Hours after Democratic Gov. Jay Inslee ordered Washington state residents to cover their faces in public, a Republican sheriff in a rural area of the state's southwest suggested they should be doing no such thing.
"Here's what I say," Lewis County Sheriff Robert Snaza told the crowd outside a church Tuesday, carrying a megaphone and sporting his green and beige uniform but no mask. "Don't be a sheep."
Few of the people cheering on Snaza covered their faces either, according to video of the scene taken by the Daily Chronicle of Centralia, Wash. Indeed, the words on a billboard above the crowd seemed to capture their feeling about the pandemic: "Oh, no! A virus. Quick -- burn the bill of rights."
With coronavirus infections rapidly spreading across the American South and West and more states making masks a requirement, dozens of sheriffs are staging a rebellion against state governments. An adherence to their interpretation of the Constitution, they say, comes before any kind of public-health advice.
The trend of "constitutionalist sheriffs" standing up against state laws is hardly new. Many of the country's most prominent law enforcement officials, like Arizona's Joe Arpaio, rose to fame on such campaigns.
But the pandemic has created a particularly ripe opportunity to rebel against left-leaning governors, as law enforcement officials feel emboldened to speak up on behalf of the more conservative voters who put them in office.
Since April, the Centers for Disease Control and Prevention has said people should cover their faces in public to stop the spread of the coronavirus. But Snaza said he did not believe masks were effective, arguing they should be optional.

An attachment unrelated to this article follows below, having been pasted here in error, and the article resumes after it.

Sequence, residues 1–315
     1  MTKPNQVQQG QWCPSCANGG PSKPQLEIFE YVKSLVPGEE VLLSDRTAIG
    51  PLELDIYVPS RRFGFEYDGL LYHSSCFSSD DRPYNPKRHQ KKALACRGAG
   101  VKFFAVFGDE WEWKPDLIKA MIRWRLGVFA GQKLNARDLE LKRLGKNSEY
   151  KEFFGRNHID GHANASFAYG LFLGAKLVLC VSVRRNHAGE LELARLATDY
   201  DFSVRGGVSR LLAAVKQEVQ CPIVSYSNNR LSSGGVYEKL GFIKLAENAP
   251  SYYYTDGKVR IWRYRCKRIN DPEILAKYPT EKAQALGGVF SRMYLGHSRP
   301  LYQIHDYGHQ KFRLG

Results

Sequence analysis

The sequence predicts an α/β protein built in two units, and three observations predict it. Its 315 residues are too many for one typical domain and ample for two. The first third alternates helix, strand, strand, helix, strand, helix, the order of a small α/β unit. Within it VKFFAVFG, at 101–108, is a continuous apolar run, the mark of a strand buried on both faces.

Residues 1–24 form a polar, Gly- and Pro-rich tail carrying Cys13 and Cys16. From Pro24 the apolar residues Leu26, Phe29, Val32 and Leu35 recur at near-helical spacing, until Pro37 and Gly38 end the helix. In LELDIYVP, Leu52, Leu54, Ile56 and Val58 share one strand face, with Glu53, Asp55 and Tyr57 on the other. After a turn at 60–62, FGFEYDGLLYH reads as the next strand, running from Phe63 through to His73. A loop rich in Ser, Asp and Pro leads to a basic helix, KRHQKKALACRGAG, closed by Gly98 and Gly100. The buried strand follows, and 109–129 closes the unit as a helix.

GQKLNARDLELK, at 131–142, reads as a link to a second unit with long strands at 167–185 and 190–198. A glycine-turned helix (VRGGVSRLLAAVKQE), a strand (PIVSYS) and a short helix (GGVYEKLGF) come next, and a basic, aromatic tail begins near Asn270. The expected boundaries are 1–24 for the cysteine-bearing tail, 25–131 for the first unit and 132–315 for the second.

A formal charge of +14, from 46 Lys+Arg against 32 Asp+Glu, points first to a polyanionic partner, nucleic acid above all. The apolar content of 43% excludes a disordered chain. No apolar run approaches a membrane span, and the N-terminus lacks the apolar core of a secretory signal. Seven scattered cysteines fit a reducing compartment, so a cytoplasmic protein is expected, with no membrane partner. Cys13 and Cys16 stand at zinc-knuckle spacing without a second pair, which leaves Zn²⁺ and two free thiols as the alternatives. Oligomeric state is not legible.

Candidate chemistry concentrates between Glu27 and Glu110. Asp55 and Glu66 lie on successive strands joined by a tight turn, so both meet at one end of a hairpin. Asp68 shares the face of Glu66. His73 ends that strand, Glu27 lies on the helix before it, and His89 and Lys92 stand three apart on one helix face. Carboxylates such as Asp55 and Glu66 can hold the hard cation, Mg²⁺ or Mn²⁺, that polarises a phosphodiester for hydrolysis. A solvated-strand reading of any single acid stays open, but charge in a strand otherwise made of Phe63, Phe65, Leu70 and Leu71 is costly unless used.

"My frustration is we continue to listen to the governor's requests without asking questions, without saying: 'Well wait a minute, there's the other side to this,'" Snaza told Oregon Public Broadcasting.
He is not alone. In Nevada and North Carolina on Thursday, several sheriffs said their Democratic governors' mask requirements were "unconstitutional and unenforceable." After five California counties ignored a similar directive, Democratic Gov. Gavin Newsom threatened to withhold state funds. Another Washington state sheriff called Inslee an "idiot."
As they battle through viral Facebook posts and appearances on local TV and radio, these mostly Republican sheriffs have effectively blocked their governors' orders. If they refuse to enforce their rules, it is unclear who else will.
Public-health officials have insisted that masks are an easy way to protect the whole population.
"Everybody should wear a mask when out in public," Anthony Fauci, the nation's top infectious-disease specialist, told the Sacramento Press Club this week. "It should not be a political issue. It is purely a public health issue."
At a news conference Wednesday, Inslee spoke out against the sheriffs objecting to his "Mask Up, Washington" campaign, saying that mask wearers should not be compared to "barnyard animals."
"We have to be disappointed in any law enforcement officer who would encourage illegal behavior," Inslee said. Mask wearing, he added, "is about demonstrating our respect and care for the other people around us."
Still, two Washington sheriffs insisted they can only "educate" residents instead of strictly enforcing the mask order. Snaza's twin brother, who heads the sheriff's office in a neighboring county, said he will not require his own deputies to cover their faces, fearing it could put them in jeopardy in high-risk situations.
In North Carolina, at least 10 sheriffs said this week that they would not be carrying out a similar directive from Democratic Gov. Roy Cooper. The minor nature of the offenses as well as a lack of resources, many said, meant they had more serious things to worry about.
"I certainly encourage people to be careful and take safety precautions," Wes Tripp, sheriff of Halifax County, wrote on social media, according to WWBT. "The wearing of a mask is a personal decision, not one of a governor in Raleigh."
While a wave of newly elected black Democratic sheriffs has radically changed the face of law enforcement in North Carolina, many of those who spoke out against Cooper's mask order were white, male and Republican.